3D Printing Metal: The Advantages of Direct Metal Laser Sintering


Did you know that metal parts can be 3D printed? It happens via a process called Digital Metal Laser Sintering or DMLS. DMLS is a form of additive manufacturing that uses metal powders and precision lasers to create the desired part. The technology operates on the basis of a 3D CAD file which specifies how complex a design should be.

So, how exactly does DMLS printing work? What happens is this: a thin layer of metal powder is evenly distributed across the bed of the printer. By following a CAD file, a precision laser sinters (heats and fuses) the metal powder particles to replicate the specified design. This process is repeated with additional layers of metal powder until the desired shape and size is achieved. In essence, parts are produced one metal cross section at a time.

Now that you know how DMLS works, let’s have a look at some of its advantages:

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5 Things You Didn’t Know About the Metal Fabrication Process


Basic metal fabrication involves the forming, shaping, or joining of metal. Typically, this happens through deforming or removing some portions of the raw material.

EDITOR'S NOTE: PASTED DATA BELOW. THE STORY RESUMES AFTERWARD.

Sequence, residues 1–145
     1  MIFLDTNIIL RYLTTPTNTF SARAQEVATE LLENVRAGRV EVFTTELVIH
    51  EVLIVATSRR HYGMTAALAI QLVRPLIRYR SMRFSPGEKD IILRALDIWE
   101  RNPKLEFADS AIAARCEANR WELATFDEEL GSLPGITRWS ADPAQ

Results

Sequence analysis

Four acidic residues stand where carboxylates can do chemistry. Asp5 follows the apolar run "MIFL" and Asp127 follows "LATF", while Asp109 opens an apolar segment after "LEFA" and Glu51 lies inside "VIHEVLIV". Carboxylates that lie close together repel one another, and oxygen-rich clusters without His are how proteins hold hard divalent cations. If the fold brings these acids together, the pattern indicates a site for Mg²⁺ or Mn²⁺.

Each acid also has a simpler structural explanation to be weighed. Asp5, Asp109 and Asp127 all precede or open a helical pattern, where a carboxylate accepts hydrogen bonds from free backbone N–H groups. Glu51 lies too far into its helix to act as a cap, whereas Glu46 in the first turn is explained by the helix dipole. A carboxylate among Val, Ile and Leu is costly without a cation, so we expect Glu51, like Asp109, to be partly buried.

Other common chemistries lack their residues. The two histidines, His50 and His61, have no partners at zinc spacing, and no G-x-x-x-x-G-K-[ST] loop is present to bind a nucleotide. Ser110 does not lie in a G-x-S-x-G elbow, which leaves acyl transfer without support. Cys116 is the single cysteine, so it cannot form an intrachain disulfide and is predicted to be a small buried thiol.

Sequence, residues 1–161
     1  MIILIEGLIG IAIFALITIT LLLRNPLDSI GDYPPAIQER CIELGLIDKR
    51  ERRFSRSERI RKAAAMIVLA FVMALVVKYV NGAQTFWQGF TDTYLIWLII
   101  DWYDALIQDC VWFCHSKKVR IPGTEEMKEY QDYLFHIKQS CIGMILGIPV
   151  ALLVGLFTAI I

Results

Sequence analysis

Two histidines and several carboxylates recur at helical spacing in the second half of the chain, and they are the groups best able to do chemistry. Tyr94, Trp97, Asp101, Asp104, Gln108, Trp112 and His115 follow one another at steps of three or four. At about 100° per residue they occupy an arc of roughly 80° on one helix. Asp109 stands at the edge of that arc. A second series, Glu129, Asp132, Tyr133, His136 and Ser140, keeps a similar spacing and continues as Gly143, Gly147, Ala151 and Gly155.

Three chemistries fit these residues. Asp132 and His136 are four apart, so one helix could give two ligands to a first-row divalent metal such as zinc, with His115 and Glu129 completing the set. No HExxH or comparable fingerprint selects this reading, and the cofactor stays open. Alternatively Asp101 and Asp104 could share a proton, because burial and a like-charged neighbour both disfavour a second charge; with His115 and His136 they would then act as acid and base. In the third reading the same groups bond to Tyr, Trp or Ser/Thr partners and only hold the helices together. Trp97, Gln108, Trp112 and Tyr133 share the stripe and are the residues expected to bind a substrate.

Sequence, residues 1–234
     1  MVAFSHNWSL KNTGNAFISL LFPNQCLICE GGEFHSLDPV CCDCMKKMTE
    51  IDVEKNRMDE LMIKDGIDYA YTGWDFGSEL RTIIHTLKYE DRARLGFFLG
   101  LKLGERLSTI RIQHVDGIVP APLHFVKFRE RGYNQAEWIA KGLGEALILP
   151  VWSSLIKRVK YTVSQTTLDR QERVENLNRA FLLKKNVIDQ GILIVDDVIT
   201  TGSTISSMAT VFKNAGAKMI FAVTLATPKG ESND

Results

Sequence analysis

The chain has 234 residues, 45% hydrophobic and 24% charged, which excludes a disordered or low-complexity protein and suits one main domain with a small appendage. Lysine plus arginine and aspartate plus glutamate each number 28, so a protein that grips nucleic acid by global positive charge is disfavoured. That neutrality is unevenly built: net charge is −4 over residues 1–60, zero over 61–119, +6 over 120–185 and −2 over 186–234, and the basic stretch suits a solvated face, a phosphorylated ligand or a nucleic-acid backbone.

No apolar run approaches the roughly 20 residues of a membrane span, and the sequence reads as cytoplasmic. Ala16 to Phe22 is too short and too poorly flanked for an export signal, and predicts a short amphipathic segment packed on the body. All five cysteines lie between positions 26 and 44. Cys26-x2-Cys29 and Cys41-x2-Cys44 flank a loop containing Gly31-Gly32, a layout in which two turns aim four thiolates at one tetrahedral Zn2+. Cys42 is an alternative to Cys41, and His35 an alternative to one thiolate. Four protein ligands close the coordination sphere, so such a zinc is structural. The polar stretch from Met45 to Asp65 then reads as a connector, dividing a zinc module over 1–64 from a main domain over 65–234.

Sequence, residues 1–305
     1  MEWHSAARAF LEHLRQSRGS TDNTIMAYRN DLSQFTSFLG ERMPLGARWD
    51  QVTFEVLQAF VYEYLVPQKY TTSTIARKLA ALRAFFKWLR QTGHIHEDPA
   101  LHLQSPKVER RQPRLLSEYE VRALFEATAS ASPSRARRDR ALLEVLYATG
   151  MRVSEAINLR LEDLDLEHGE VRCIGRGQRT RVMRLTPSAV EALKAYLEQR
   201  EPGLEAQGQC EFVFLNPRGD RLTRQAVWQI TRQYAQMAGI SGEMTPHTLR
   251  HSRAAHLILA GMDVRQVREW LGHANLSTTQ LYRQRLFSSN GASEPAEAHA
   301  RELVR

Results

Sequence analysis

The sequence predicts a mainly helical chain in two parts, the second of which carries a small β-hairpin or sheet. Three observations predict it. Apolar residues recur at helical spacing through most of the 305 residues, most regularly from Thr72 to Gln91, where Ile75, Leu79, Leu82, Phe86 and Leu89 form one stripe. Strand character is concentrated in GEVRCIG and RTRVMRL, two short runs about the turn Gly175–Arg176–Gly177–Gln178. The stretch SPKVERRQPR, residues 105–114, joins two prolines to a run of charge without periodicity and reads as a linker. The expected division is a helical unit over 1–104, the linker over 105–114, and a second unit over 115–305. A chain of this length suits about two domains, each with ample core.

To many, metal fabrication may seem like a simple one or two step process. But the fact of the matter is, it’s much more detailed and comprehensive than simply pulling metal pieces off the inventory shelf. Here we’ll explore different aspects of metal fabrication to help you be more informed the next time you need to rely on the services of a fabricator:

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8 Tips for Making Any Woodworking Project Successful

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If you’re a new woodworker, safety and precision are likely two things you keep top of mind at all times. But that’s only the tip of the iceberg. As many a skilled woodworker will tell you, any project requires your attention in several different places at once…and this can be difficult as well as dangerous.

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The Hidden Health Dangers of Sawdust